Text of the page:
Boston Globe wins 2003 Goldsmith investigative reporting prize

Share
March 11, 2003, 10:32 am

Seymour Hersch speaks after receiving the Goldsmith career award.

Seymour Hersch speaks after receiving the Goldsmith career award.

March 11, 2003 —The $25,000 Goldsmith Prize for Investigative Reporting has been awarded to the Boston Globe by the Joan Shorenstein Center on the Press, Politics and Public Policy for its award-winning investigative report “Crisis in the Catholic Church.”

Launched in 1991, the Goldsmith Prize for Investigative Reporting honors journalism which promotes more effective and ethical conduct of government, the making of public policy, or the practice of politics by disclosing excessive secrecy, impropriety and mismanagement, or instances of particularly commendable government performance.

The other finalists were:

  • A team of reporters from the Dayton Daily News for their series “Down on the Factory: Cheap Food, Hidden Costs,” exposing the negative environmental impact of huge, industrialized hog and chicken farms.
  • Steve Inskeep of National Public Radio for his exposure of a misguided raid on a village in Afghanistan, with evidence so convincing that the U.S. military was forced to release all their prisoners.
  • David Cay Johnston of the New York Times for his articles on tax dodges by corporations and wealthy individuals, which have led to investigations by the IRS;
  • A team of reporters at WFAA-TV in Dallas for their exposure of a conspiracy by police and drug dealers to blame drug trafficking crimes on illegal immigrants, a series that spurred investigations that went all the way to the police chief and the attorney general.
  • A team from the Wisconsin State Journal in Madison, Wis., that uncovered widespread corruption in state government.

A special award was given to Seth Rosenfeld of the San Francisco Chronicle for “The Campus Files: Reagan, Hoover and the UC Red Scare,” an investigation of how then-governor Reagan and FBI head J. Edgar Hoover had abused their power at the University of California, Berkeley. It took Rosenfeld 17 years to overcome legal hurdles preventing him from publishing the story.

In addition to the investigative reporting awards, the center presented two book prizes. The award for an academic book went to Doris Graber of the University of Illinois, Chicago, for Processing Politics: Learning from Television in the Internet Age. The award for a trade book went to Leonard Downie Jr. and Robert G. Kaiser for The News about the News: American Journalism in Peril.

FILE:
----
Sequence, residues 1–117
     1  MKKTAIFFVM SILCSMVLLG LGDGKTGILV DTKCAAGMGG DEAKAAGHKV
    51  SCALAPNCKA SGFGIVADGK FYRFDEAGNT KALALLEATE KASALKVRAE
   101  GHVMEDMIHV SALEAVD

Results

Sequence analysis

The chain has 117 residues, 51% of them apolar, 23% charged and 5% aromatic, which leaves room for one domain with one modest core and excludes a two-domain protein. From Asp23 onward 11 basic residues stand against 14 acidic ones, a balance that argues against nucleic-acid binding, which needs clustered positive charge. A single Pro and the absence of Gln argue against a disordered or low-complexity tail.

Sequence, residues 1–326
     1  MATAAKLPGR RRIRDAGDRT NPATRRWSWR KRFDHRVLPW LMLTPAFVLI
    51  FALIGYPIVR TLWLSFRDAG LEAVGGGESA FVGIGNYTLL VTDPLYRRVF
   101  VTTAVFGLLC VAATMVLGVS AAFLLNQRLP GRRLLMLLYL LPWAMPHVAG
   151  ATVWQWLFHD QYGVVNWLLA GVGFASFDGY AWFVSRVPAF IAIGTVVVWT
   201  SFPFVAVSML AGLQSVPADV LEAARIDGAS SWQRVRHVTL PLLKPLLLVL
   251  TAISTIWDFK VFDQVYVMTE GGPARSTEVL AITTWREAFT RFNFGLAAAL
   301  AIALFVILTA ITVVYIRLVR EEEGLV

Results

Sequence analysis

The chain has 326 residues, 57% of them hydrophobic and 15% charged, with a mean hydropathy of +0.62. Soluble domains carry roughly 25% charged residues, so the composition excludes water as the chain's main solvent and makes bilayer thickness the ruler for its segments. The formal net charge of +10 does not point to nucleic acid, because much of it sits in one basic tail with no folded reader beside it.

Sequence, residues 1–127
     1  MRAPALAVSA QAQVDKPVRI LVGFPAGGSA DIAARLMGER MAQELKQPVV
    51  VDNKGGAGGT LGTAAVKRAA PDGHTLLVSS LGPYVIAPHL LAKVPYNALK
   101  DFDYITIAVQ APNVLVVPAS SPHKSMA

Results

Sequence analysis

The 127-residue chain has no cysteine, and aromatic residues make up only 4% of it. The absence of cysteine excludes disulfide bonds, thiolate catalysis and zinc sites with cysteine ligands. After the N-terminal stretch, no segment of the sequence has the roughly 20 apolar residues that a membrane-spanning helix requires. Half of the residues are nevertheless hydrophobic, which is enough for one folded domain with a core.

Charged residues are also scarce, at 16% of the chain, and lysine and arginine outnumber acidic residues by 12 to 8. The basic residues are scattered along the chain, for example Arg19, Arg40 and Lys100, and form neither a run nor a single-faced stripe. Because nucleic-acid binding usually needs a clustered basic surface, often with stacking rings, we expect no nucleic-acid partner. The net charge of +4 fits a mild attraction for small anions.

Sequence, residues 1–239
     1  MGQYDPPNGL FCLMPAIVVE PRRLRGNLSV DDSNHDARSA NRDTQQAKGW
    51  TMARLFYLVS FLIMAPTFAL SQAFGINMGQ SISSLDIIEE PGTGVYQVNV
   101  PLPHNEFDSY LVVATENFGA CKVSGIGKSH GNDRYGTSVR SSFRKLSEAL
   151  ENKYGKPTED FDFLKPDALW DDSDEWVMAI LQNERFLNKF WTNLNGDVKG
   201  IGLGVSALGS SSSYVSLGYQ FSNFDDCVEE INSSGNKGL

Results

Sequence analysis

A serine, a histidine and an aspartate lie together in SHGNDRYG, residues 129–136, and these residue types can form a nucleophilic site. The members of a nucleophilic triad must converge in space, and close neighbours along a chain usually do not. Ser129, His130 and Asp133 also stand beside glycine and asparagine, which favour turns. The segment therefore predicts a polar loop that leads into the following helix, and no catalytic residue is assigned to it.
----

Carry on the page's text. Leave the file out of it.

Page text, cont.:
The Goldsmith Career Award for Excellence in Journalism went to veteran investigative reporter Seymour Hersh. Hersh, whose 1969 story on Lieutenant Calley and the My Lai massacre won the Pulitzer Prize and brought him to national prominence, has been exposing the wrongdoing of public figures for more than four decades.

Alex Jones, director of the Shorenstein Center, said that Hersh’s “passion is to reveal what has been hidden, secrets that need to be told. For my money, he is the best investigative reporter ever.”

Stepping to the podium, Hersh gave a riveting talk on his recent experiences covering the Bush administration and the imminent war with Iraq. “This is a very tough time in Washington,” he said. “These folks scare me.”

Hersh said he was “mortified” by the president’s recent news conference in which he passed over reporters whose articles had displeased the White House. “We can’t let him get away with orchestrating us like he did. We’re not trained seals.”

Hersh spoke about the way the White House brands uncooperative journalists as disloyal and the chilling effect this has had on reporting about the war on terrorism. He described his experience investigating the trial of Zacarias Moussaoui, the so-called 20th hijacker.

Hersh said he learned that people in the intelligence community had told Attorney General John Ashcroft that Moussaoui was known by the al-Qaeda leadership to be unstable and was probably not part of the 9/11 conspiracy. They had asked Ashcroft not to ask for the death penalty for Moussaoui but to allow them to try to discover what he knew about the terrorist organization. Ashcroft had refused.

Hersh said that considering the atmosphere the Bush administration has created, he hesitated to publish the story.

“Here I am, Mr. Tough Guy, and I was nervous about getting out in front with this one. I was scared. There’s something about it that just stops us. A lot of stories don’t get done. I don’t know what to do about it – just duck and maybe buy a house in Europe.”

Regarding the attorney general, Hersh remarked: “What can I tell you about John Ashcroft? He confuses his personal concept of God with the Constitution.”

Hersh said he was alarmed that the press is being fed stories based on false information and that in some instances the intelligence community seems to be out of the loop. He mentioned in particular a story that Iraq was buying uranium from Niger, an assertion that later turned out to be false.

“People inside the government say that nothing is as dangerous as letting false information get into the upper levels. It’s impossible that the intelligence people did not pick this up. That means it’s going through special channels. You’re on the edge of chaos, and that’s scary.”

The annual Goldsmith Awards Program receives financial support from the Goldsmith-Greenfield Foundation.

This article is based on one written by Ken Gewertz of the Harvard Gazette